We ask questions like what is a record shift? What is the best day or best month on this machine? When was the last record set and who achieved it?
The answers to these sorts of questions give an indication of how targets are practically applied. We very rarely get very satisfactory answers to these questions, leading me to believe that is a misalignment between how these targets are set and how they are expected to be achieved.
How targets are expressed and communicated has a significant impact on engaging operators to try to reach or better a target.
A business might set an overall target needed to meet budget of 10,000 units per hour, every hour, all year long. But, it only takes a few jobs where 10,000 units is impossible to discredit these targets altogether.
So, who has this target been set for, and what is intended to motivate?
A more effective target, now with some aspiration, and in the language of an operator, might be “Your personal best for this job is 6,230 units per hour, and you have run it 3 times before. BUT: Last week, 3 others managed to beat you and ran it at 7,350 units per hour”.
The insight is that targets must be expressed in such a way to be intuitively understood and embraced by the people expected to meet them. Good targets are respected, attainable, aspirational and meaningful. Well here’s a hint: If an operator or supervisor doesn’t know the target, it’s none of these things.
Imagine for a moment, an operating environment using meaningful targets that everybody understands. I have a true story that illustrates this, in a PET plant targeting a record breaking 1m units in a shift. The magic number was on display, along with where the shift stood against this target, in real time. One day, with about an hour or two left, the crew realised they could achieve this target, and began to work in a more focused way. For the last few hours of the shift, operators picked out what looked to be faulty preforms before they hit the blow moulders, skewed bottles were removed from the conveyors before causing jams. They hit the target, producing 1m bottles for the first time ever, and the crew was jubilant.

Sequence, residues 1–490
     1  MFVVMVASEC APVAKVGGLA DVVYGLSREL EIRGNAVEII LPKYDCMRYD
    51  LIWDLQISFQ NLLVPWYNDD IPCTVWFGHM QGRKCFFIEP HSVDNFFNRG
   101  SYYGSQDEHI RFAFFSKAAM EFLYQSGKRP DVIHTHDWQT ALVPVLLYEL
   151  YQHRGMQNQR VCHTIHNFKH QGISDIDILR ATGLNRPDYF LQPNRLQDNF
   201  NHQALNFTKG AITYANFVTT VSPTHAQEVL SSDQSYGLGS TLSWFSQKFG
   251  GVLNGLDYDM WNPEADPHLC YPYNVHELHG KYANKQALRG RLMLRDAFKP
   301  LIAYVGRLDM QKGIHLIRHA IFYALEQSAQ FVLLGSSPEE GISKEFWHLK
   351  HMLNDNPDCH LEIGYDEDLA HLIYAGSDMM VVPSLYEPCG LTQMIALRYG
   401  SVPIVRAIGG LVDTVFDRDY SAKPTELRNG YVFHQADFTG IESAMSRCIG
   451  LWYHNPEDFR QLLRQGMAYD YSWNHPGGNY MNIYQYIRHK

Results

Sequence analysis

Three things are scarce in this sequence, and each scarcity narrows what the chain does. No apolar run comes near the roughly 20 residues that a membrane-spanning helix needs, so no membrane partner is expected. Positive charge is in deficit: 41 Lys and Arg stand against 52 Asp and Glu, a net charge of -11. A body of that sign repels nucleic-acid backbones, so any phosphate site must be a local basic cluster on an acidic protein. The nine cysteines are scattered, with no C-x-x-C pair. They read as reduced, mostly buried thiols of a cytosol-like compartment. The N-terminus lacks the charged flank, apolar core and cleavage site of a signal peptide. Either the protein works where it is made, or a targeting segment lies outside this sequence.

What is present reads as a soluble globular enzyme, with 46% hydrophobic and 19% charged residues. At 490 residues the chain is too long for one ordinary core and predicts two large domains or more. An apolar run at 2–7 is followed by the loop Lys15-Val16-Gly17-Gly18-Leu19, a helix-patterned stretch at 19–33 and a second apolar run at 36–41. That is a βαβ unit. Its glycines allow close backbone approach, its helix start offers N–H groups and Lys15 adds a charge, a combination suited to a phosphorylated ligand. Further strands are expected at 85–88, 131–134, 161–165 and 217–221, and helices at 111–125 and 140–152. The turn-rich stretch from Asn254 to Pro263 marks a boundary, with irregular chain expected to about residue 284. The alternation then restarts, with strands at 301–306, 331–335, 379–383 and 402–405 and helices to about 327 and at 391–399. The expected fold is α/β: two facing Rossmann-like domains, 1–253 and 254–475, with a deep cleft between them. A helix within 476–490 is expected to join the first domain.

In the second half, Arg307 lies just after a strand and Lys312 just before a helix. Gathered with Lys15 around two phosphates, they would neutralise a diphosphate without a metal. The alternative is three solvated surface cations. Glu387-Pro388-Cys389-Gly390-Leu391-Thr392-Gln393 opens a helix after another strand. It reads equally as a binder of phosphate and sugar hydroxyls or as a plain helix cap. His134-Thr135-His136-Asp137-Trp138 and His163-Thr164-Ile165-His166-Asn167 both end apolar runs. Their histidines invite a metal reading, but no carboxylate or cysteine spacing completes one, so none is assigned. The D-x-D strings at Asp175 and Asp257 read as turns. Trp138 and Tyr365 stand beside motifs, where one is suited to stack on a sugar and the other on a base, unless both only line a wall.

Now here’s the amazing part... How long before the record was broken? Well, the very next shift got word of what was possible and set a new record there and then. 1m bottles per shift is now considered normal, and this is the kind of impact meaningful targets can have on engaging operators!
Insight #2: BIG DATA = small person
Big data is a buzz word today and it’s easy enough to believe that collecting every single piece of data possible must end up creating useful outcomes.
Here is a story of how we see too much data interfering with engagement. We recently completed a project with a business that had sophisticated data systems, capturing over one million data points every minute. There was really no data shortage in this business. Actually, having so much data ended up reducing engagement. The reason why is obvious in hindsight. Data alone does not give any answers without analysis, and it stands to reason that the more data collected, the more data analysis needs to take place.
Because there is so much data, and it is all being collected automatically, there is no ‘author’ - meaning no ownership and the impact is actually fewer conversations and significantly less engagement.
The best use of data is to support conversations with facts, rather than being relied upon as a third party trying to spark a conversation in the first place. The insight is that relying on automatic data collection over the opinions of the people in the process diminishes any ownership along with operator engagement.